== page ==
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Tuesday, August 20, 2013

Why Measurements Matter

I was re-reading Bill Gates' annual letter on behalf of the Bill and Melinda Gates Foundation the other day (www.billsletter.com) and reflecting on the power and importance of measurement. Bill stresses this issue in the opening part of his letter and cites numerous examples of how careful measurement has helped numerous foreign aid and humanitarian programs to be evaluate their effectiveness and make adjustments which led to even greater successes. While he is speaking about large global development issues, his comments are just as applicable to the business world and I encourage everyone to read it.

In it he refers to William Rosen's fantastic book, The Most Powerful Idea in the World, about the invention of the steam engine and in particular about the development of a new way to precisely measure energy output. The book makes a very strong case that this invention, which enabled people to evaluate quickly and effectively the impact of design modifications on performance, was the key to fostering the rapid innovation which created this enormous expansion in our quality of life. As Rosen wrote it enabled invention to become "commonplace". Rosen makes a strong case that without such tools, invention is "doomed to be rare and erratic".

I believe the same is true for business operations, and not just on the product innovation side of things. Operational improvement is essential in every business, and having measurements that provide us with fast, effective feedback is critical to success. Businesses and markets are highly complex organisms so it is rare that anyone would succeed completely in the launch of any new initiative or improvement. We need a way to get fast and accurate feedback on the actions we take, or we are destined to flail around blindly trying new things and hoping they work.

Organizations are launching new initiatives all of the time, whether it's re-structuring, or some program like Lean, Six Sigma, Balanced Scorecard, TOC, etc. Unfortunately most of these efforts go on for a while, deliver little real gain (at least less than expectations in almost all cases), and then fall by the wayside. Re-structuring is a good example. How many companies have go through re-organizations to make them flatter or more hierarchical, more centralized or less centralized, only to go in the opposite direction 5-10 years later when they are going through a down period? And how many times have you heard: "Oh we tried (fill in the blank) already, it won't work for us", even though some of the things worked and also worked in other companies. The next step of course is to abandon the initiative entirely--to throw the baby out with the bath water.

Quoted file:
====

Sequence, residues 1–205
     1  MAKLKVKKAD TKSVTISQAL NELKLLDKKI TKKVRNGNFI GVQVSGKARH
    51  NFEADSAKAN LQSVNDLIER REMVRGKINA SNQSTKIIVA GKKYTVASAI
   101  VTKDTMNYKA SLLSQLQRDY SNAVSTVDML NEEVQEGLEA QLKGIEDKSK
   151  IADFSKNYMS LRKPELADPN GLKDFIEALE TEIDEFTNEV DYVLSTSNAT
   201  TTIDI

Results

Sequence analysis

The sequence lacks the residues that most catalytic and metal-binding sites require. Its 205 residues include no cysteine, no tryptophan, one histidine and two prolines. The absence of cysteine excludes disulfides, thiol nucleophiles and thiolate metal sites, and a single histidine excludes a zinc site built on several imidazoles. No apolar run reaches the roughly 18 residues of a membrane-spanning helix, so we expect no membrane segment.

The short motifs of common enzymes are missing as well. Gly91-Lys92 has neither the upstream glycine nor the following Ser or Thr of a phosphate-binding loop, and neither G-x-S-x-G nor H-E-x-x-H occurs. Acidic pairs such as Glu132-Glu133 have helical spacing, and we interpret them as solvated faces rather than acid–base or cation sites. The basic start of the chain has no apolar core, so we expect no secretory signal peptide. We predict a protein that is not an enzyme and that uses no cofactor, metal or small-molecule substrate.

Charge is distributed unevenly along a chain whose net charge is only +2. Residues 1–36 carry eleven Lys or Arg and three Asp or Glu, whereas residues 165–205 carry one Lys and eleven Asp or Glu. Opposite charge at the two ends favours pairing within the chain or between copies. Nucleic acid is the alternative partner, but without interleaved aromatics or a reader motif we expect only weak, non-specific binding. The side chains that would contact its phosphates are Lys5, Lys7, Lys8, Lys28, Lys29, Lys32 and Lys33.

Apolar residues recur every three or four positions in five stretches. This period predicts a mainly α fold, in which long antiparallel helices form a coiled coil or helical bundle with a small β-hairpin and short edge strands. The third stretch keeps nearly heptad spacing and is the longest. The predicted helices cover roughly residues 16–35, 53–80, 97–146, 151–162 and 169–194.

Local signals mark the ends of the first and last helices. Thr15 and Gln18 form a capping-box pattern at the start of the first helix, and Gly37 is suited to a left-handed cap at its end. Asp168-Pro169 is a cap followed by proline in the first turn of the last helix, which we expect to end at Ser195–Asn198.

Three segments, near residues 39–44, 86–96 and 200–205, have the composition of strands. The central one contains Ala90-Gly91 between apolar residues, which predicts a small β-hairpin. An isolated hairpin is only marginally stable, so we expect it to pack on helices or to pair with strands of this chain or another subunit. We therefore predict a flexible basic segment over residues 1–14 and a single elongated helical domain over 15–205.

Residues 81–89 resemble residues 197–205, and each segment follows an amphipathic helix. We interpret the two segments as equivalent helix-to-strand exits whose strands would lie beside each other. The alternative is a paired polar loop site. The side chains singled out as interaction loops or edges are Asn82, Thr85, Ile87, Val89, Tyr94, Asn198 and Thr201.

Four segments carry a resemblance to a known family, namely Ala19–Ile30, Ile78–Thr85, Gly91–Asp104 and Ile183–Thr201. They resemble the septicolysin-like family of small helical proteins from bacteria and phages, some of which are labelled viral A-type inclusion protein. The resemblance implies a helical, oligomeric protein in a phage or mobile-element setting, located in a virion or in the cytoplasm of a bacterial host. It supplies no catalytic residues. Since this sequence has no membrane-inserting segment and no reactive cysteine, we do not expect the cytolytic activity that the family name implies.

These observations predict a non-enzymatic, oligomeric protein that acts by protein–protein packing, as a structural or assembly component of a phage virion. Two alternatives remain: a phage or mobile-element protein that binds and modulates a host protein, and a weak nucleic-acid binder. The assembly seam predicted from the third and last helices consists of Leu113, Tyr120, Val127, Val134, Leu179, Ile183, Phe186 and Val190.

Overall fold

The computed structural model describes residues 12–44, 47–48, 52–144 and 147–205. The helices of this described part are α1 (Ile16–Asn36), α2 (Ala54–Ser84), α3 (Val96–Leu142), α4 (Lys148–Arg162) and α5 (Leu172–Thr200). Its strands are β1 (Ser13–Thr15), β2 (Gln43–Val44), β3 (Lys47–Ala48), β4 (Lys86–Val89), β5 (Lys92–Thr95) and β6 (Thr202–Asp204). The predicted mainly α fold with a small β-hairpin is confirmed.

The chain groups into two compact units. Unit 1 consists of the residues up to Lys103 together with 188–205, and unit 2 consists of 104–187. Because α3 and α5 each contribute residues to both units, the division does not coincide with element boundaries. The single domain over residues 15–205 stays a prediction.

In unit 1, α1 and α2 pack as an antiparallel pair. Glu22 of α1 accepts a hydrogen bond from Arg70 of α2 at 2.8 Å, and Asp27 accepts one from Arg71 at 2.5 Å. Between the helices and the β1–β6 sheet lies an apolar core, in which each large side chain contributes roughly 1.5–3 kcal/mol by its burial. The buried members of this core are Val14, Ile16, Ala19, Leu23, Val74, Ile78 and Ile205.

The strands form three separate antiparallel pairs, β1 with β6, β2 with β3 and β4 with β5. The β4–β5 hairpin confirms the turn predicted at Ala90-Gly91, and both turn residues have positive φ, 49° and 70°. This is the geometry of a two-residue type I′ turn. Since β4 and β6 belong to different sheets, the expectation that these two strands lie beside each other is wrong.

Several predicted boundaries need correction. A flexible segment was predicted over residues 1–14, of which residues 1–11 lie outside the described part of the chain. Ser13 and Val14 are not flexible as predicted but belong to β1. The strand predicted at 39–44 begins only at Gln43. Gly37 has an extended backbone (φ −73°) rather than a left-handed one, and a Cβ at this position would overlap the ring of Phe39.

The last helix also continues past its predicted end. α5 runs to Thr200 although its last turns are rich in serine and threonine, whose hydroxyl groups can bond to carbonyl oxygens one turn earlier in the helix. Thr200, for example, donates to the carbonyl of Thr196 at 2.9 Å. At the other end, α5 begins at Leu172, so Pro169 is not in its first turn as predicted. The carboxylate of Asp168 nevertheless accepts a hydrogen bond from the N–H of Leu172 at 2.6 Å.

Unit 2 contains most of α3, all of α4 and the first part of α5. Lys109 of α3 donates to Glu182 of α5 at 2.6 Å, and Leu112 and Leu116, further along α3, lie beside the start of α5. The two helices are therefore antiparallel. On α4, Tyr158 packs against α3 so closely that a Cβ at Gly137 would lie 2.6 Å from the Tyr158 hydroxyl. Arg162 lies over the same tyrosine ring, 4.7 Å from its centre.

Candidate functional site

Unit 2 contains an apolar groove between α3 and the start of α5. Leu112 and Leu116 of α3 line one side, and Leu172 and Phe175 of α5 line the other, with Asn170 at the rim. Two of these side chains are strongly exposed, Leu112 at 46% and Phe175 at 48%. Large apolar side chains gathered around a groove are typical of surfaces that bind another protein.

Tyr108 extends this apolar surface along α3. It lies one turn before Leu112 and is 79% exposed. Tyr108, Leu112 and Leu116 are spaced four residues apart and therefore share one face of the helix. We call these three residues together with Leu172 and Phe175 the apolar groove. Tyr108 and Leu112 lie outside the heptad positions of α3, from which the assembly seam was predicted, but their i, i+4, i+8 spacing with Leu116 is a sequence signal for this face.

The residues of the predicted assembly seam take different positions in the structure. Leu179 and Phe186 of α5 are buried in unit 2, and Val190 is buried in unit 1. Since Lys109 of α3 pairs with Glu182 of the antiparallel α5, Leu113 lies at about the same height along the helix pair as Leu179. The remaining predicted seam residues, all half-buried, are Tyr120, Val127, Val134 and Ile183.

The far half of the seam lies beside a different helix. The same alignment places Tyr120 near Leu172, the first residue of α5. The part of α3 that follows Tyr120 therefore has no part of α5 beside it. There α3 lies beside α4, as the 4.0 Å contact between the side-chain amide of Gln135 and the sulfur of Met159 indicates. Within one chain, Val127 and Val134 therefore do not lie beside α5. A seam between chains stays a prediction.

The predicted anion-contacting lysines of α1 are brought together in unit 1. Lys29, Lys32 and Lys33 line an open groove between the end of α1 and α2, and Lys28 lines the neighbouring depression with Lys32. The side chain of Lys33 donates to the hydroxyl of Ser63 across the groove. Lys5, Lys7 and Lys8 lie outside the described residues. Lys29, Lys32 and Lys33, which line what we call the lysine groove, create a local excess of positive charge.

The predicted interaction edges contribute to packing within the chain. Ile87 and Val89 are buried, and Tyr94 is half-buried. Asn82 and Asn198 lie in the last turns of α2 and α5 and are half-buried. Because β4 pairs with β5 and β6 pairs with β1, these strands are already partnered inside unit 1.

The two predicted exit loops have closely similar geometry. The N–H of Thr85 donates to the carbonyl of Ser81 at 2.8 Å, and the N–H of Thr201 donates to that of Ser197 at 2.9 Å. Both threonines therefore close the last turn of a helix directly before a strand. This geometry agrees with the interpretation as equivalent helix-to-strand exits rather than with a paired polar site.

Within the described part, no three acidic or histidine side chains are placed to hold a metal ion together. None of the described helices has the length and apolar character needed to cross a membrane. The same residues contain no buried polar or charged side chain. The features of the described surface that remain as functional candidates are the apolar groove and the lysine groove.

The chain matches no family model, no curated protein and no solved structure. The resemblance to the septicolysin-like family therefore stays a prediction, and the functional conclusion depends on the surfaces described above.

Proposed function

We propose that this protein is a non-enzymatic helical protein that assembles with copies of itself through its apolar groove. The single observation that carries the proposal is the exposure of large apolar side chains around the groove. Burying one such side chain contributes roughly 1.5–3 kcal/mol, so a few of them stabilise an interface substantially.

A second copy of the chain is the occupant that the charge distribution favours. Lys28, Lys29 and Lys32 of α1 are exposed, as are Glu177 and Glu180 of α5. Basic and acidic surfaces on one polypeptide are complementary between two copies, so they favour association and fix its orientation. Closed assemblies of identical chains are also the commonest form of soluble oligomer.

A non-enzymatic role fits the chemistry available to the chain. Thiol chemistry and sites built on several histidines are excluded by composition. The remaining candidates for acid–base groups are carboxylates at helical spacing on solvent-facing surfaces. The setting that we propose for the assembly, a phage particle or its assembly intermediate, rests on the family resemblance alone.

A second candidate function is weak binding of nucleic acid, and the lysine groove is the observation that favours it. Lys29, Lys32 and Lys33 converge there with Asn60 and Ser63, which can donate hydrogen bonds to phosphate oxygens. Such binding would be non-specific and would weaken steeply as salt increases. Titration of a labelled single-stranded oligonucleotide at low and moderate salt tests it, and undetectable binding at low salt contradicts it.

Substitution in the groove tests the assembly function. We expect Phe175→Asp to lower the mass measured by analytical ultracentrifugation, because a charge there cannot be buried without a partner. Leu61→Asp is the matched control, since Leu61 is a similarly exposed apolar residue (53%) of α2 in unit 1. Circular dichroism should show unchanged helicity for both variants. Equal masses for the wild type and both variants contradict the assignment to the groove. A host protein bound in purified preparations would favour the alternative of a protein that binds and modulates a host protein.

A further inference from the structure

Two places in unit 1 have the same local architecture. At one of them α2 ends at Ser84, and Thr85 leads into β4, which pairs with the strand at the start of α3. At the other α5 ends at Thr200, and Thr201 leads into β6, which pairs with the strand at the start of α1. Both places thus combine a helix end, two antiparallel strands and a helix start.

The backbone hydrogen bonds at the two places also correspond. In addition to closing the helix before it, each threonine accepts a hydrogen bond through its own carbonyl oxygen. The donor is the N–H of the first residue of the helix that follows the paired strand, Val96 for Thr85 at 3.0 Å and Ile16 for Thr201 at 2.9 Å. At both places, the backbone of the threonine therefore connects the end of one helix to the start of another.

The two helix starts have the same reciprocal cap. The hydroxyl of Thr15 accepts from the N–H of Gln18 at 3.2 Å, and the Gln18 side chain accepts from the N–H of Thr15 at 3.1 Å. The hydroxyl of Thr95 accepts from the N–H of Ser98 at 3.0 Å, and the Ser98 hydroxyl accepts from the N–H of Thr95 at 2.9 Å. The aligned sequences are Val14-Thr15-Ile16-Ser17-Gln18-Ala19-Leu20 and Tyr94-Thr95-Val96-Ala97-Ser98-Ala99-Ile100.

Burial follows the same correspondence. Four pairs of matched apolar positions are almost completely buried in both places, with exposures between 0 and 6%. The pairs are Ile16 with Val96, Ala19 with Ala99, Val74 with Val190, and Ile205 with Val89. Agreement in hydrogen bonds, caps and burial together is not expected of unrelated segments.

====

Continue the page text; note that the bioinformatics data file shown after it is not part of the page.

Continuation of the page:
Improvement efforts often take a long time, but, why? And do they really have to? Of course they will take a long time (and deliver much less than they could) if we don't have a fast, effective feedback mechanism like Rosen talks about in his book, because it will be trial and error, with little way even to evaluate our errors. But what is it like when we do have a fast feedback loop that quickly tells us the effectiveness of our actions, and points to where and how they are falling short. Monitoring how effective are our improvement actions in business provides us the input we need to make the small corrections, additions, and changes that will get us to the next level. It's not about luck, and its not about genius, it's straightforward test and re-test. You hit a golf ball on the driving range and it slices to the right. You get immediate feedback that your clubface was open at impact and you need to make an adjustment in your swing to close it. Imagine what it would be like if you couldn't see the flight of the ball to tell you how effective your swing was?

For years I have included this as one of the five key principles of improvement that I share with my clients--take structured actions and design ways to get fast feedback on their effectiveness. "Structured actions" means implement changes consistently because if you do things a little bit different in different places/ situations, you won't know what really caused the results you got. It's not easy to design these fast feedback loops so that you can judge the effectiveness of your actions, and I think too often we skip this step in our excitement to improve things. But the price organizations pay when they skip this step will be high. The good results they do get will be slower and lower than if they were able to monitor progress over a short horizon and make the small corrections that are almost always needed.

Thanks to Bill Gates and William Rosen for reminding us of just how important effective, fast measurements are to any process.

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